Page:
Modern Home Builder - Fall 2017 - 41
"That is the kind of culture we have in our company," he says.
"I have heard favorable things about everyone [in our firm] who
deals with our clients. They go out of their way to make our clients happy because they understand that without them we don't
have a business."
Williams-Hirsch's reputation is contingent upon every home it
builds, Williams adds. That is why customer service is key for its
employees. "If we mess up one home, we're going to hear about it
for a long time," he says. "Bad news travels much faster than good
news. Fortunately, we have a great team here that is cohesive. They
all understand that every job we do is the most important one at
He adds that the company has been fortunate every job has been
successful, which has led to longstanding relationships with many
clients. "We remain friends with our clients, even those we built
homes for 15 years ago," he says.
Those long-term relationships extend to the company's subcontractors, which Williams regards as family. "We often meet with our
subcontractors in our conference room to discuss our projects and
families," he says. "Because they are our family we protect them and
they protect us. Just like we are loyal to them and vice versa."
Working with its subcontractors long-term has proven successful because quality control is maintained and Williams-Hirsch
has earned several awards over the years because of it, including
"Smart Energy" Custom Builder of the Year in 2007 and the "SA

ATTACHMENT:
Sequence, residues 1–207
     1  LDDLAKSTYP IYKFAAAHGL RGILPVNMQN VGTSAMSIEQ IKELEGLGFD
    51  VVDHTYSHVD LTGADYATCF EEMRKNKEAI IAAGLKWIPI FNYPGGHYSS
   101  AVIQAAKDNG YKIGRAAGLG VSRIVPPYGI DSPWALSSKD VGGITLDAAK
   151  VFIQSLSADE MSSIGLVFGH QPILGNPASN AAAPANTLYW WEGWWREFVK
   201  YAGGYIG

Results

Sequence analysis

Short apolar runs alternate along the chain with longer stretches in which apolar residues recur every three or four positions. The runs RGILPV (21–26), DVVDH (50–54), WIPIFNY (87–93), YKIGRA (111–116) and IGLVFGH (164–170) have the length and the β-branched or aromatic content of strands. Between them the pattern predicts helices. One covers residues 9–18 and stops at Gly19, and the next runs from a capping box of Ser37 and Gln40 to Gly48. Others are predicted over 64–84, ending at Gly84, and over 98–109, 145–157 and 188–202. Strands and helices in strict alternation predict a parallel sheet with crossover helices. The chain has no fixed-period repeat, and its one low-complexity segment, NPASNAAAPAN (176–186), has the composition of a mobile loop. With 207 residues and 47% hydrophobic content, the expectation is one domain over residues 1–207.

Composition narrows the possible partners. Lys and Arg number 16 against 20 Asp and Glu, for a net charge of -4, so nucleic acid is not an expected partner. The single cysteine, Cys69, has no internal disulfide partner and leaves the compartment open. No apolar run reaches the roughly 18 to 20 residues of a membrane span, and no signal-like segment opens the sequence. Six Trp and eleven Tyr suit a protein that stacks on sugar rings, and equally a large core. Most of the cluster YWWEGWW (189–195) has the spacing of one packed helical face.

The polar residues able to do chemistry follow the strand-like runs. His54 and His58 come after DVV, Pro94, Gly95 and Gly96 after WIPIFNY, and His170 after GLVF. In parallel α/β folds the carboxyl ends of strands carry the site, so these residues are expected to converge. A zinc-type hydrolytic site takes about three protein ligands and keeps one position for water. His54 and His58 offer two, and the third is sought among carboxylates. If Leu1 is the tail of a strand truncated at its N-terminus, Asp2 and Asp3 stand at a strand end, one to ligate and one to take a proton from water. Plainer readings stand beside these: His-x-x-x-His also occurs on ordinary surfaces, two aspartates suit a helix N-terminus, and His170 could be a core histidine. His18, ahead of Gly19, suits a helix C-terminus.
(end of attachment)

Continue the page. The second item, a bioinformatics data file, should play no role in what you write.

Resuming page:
Tomorrow" Sustainability Award in 2016.
"Our subcontractors are used to what we expect, so they know
what the company stands for," Hirsch says. "Our clients see that,
too, because quality is reflected in their dream home."
for a family member," Williams says. "So we need to do it right and
do it well. Again, our reputation rides on every single project we
take on.We want to protect that reputation as it's taken a long time
As Williams-Hirsch looks ahead, Williams says it feels as though
the company has just started. "Even though we're 16 years old, I
still feel like we're in our infancy and we're just beginning," he
notes. "It takes a long time to develop the relationships you need
to have a successful business, and I feel like those relationships are
now in place.
"We have opportunities in newly developed areas, and we have
developers reaching out because they want us to be a part of their
development," he continues. "We even have lenders who are excited to be teaming up with us as well."
The word has spread among homebuyers in its markets that Williams-Hirsch is a trustworthy builder, he adds. "We've never had a
horror story and we have always done what we said we were going to do," Williams concludes. "We're well rounded in the home
styles we offer, and are just beginning to hit our stride. We'll just
continue doing what we have been doing, but will keep looking for
better ways to do it each day." )
Williams-Hirsch celebrated its 15-year anniversary last year. That
was an accomplishment the company did not take lightly because
many businesses have not survived in any industry that long, Williams notes. "We went through a rough spot in 2008 during the
economic downturn," he says. "The business slowed down to the
point where we thought it was going to stop."
The company remained afloat, Williams notes, because it made
decisions to reduce overhead costs and "tighten its belt." "We were
able to withstand and come out on the other side stronger and
better," he says. "Even now, we have to continue keeping an eye on
things and adjust accordingly."
Williams-Hirsch's clients are its No. 1 focus. "We try to understand as deeply as we can what our clients' desires are," Hirsch
notes. "We communicate constantly to get their ideas out of their
heads and on paper so we can draw up a great set of plans."
He adds that the company spends much time in the planning
stage so the work will be efficient and streamlined once construction begins. "We realize that every home we build is like building
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